On 08.10.2020 at 8:03 a.m. the heart of the solar plant in the refugee camp Mam Rashan in northern Iraq was officially connected to the grid. Thanks to the new 532 kWh lithium-ion battery, the newly constructed solar mini-grid can finally provide the 7,833 internally displaced persons (IDPs) living in the camp with a reliable supply of clean electricity.

The camp is located in the autonomous region of Kurdistan, about 75 km from the city of Mosul. In the first half of 2014, the militias of the Islamic State brought large parts of this region under their control and spread terror and violence. Even if their original home has been recaptured by the Iraqi military in the meantime, many people cannot return home – the destruction is too immense, the poverty too great.


The solar mini-grid now supplies the 7,833 inhabitants of the refugee camp Mam.

Until now, the public grid supplied the refugee camp with electricity, but mostly only at night. During the day, the inhabitants only had access to electricity for about four hours a day on average. Temperatures of up to 48°C are no longer uncommon in the region. But without electricity, neither refrigerators, fans, nor light can run.

For this reason, atmosfair and the state of Baden-Württemberg, through the Stiftung Entwicklungs-Zusammenarbeit (SEZ), started a unique project in the refugee camp Mam Rashan in 2017: the construction and operation of a large solar mini-grid to supply the 1,900 residential units. Thanks to the commissioning of the lithium-ion battery from the German supplier autarsys, the solar system can now provide the inhabitants with almost continuous clean electricity. The battery is necessary to cushion the imbalance between the electricity production of the 980 kW solar system and the local power consumption. Without it, the operation of the solar mini-grid would be impossible. The solar system was expanded from 380 to 980 kW shortly before the COVID conditional lockdown. The entire system saves about 1,200 tons of CO2 per year, which would otherwise have been produced by the combustion of fossil fuels in diesel generators.


The privately operated diesel generators can provide some refugees with electricity - but at very high costs both for the environment and for their wallets.

In 2018, atmosfair installed – supported by the SEZ – a 360 kW solar system and a 120 kWh lithium-ion battery. However, it soon became clear that this system would not be able to completely cover the entire electricity needs of the more than 7,000 inhabitants. In addition, the engineers realized that not only the generation of electricity, but especially the distribution of electricity was a major problem.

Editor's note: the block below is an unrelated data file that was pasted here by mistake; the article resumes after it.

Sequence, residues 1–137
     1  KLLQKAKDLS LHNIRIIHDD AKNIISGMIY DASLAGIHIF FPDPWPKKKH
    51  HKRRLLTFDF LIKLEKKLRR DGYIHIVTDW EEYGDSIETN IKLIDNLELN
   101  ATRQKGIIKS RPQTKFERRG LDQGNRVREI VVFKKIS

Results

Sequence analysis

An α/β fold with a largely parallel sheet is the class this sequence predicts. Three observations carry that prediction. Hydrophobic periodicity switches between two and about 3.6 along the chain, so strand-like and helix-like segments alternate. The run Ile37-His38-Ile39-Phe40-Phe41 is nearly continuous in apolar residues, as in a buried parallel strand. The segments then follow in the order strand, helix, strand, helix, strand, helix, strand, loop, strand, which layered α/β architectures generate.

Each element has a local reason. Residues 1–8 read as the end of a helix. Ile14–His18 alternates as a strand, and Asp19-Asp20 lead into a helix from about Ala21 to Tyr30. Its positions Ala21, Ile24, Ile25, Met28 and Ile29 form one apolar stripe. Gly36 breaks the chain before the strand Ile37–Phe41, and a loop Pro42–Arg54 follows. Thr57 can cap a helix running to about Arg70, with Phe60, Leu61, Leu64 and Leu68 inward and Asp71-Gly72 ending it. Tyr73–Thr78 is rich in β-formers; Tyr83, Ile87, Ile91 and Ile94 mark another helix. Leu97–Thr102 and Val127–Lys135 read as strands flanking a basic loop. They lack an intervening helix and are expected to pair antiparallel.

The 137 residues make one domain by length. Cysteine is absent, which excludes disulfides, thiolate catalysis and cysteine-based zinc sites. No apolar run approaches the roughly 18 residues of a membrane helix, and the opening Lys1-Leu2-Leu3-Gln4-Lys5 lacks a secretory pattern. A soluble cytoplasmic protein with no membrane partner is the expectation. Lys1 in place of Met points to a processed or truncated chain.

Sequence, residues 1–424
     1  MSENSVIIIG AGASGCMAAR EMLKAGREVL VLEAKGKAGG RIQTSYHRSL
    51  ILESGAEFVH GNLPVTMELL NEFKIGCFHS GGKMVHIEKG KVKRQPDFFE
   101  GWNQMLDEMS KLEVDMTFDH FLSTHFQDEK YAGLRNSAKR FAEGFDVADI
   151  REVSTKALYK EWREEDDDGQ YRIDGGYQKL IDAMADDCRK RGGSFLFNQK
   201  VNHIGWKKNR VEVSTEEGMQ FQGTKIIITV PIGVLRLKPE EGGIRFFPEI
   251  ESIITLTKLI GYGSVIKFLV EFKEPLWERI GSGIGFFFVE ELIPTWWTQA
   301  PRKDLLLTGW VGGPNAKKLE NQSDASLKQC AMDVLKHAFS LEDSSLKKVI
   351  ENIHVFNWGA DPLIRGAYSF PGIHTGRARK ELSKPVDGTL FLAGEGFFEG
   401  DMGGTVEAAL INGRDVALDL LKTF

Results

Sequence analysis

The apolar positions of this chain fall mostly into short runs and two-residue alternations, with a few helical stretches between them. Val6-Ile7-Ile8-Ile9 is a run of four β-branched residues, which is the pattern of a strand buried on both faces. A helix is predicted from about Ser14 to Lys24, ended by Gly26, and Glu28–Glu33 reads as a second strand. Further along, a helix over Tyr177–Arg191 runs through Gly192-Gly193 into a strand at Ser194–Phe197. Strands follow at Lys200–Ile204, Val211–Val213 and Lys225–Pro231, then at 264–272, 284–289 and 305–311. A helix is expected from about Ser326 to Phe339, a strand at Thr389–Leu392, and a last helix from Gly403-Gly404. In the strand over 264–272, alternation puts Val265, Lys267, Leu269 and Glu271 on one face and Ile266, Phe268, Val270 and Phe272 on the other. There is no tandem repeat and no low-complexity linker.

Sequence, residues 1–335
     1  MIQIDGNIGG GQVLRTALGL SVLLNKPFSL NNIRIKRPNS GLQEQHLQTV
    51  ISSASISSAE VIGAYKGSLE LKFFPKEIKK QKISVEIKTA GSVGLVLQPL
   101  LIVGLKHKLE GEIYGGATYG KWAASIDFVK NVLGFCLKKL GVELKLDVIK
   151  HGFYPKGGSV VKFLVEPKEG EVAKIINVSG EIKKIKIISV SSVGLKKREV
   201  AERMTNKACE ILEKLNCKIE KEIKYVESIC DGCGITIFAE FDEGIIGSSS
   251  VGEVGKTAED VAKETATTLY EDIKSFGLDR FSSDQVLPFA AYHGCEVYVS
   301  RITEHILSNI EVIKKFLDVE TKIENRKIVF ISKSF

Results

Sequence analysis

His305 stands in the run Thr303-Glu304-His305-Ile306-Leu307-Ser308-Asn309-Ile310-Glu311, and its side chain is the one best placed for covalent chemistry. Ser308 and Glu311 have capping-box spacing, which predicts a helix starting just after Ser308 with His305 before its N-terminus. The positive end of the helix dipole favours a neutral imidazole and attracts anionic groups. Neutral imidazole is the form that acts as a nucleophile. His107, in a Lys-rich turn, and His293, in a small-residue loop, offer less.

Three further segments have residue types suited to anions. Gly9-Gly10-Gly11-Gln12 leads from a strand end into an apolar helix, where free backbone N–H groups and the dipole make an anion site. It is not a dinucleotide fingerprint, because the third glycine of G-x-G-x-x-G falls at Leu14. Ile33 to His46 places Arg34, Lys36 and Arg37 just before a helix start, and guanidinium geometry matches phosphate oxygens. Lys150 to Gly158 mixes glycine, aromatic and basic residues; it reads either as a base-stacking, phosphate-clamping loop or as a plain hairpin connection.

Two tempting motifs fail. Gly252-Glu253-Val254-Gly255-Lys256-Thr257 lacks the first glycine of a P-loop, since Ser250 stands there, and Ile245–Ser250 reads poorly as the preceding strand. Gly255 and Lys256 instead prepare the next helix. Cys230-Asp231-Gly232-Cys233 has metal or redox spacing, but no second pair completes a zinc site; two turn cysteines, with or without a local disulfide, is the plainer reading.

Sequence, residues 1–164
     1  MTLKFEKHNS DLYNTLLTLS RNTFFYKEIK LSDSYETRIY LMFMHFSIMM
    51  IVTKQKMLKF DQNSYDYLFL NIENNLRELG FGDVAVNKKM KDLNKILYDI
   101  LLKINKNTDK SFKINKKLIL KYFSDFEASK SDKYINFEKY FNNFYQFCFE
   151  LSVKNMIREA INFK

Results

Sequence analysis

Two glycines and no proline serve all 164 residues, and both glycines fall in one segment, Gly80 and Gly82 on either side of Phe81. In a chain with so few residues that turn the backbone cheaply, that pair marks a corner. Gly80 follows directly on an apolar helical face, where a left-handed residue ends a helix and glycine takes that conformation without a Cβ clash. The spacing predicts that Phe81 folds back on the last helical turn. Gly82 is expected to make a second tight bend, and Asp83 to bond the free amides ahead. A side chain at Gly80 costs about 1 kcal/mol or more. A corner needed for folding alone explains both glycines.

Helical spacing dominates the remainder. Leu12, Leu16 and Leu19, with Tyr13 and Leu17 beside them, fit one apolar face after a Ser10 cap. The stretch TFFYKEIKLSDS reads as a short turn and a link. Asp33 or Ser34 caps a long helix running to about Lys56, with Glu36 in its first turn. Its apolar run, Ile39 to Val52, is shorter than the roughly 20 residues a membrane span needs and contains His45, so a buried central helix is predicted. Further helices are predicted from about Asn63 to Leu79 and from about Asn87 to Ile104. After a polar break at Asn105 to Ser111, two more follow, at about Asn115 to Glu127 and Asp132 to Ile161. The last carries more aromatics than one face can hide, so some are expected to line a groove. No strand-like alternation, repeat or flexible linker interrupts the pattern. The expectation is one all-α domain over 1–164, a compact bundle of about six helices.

Thanks to further support from the SEZ, atmosfair has increased the capacity of the plant to almost 1 MW last year, and has also built a completely new low-voltage grid. The local technicians have laid more than 11,000 meters of new cables and lines and replaced 1,980 sub-distributions to ensure a safe automatic switch between the national power grid and the solar island power grid.


1,980 old sub-distributions (left) had to be replaced by new ones (right).

Due to the COVID crisis and a strict lockdown in the autonomous region of Kurdistan, it was extremely complicated to coordinate and complete the work this year. But at the end of August this year, the time had finally come: the freight forwarder lifted the new 20-ton battery container onto his truck in Berlin and transported it by road and water to Mam Rashan. In September, the engineers Jörgen Klammer and Erich Klammer, who were commissioned by atmosfair, were finally able to fly to Erbil. There, they helped the local electrical engineer Nawar Aaena with the commissioning of the system. Currently, only minor remaining work on the new low voltage grid remains to be done and the project in Mam Rashan should be completed by the end of the year.


A local technician connecting the solar modules of the 1 MW photovoltaic system.

But there are many more refugee and IDP camps within a roughly 100 km radius of Mam Rashan, with hundreds of thousands of displaced persons who are still without regular access to clean, reliable and cheap electricity.

Many other local and international aid organizations have become aware of the enormous potential of using solar energy locally through the solar plant in Mam Rashan. Thanks to all the people who have actively participated in this project, it has now become clear that the transition to clean energy is possible and promising, especially in this sunny region. Specifically, atmosfair and the SEZ are already in talks with the United Nations High Commissioner for Refugees (UNHCR) and the American University of Kurdistan: they would like to build on the know-how gathered in Mam Rashan in order to consider possibilities, in partnership with government and other stakeholders, for developing solar energy infrastructure servicing nearby refugee camp in Domiz (where more than 30,000 refugees live) and the surrounding host community.

A big thank you goes to our donors, to the Stiftung Entwicklungs-Zusammenarbeit Baden-Württemberg (SEZ) for their financial support as well as to the involved engineers Jörgen Klammer, Erich Bosch and Nawar Aanea and our project manager Nele Erdmann!

atmosfair employee Nele Erdmann with engineer Jörgen Klammer and the local construction team in 2018.



Delegation visit in April 2019 by Minister of State Schopper (left) with Minister Bauer (right) and SEZ Chairman Philipp Keil (center) in front of the new solar plant in Mam Rashan.

Project page Power supply for the refugee camp Mam Rashan in Iraq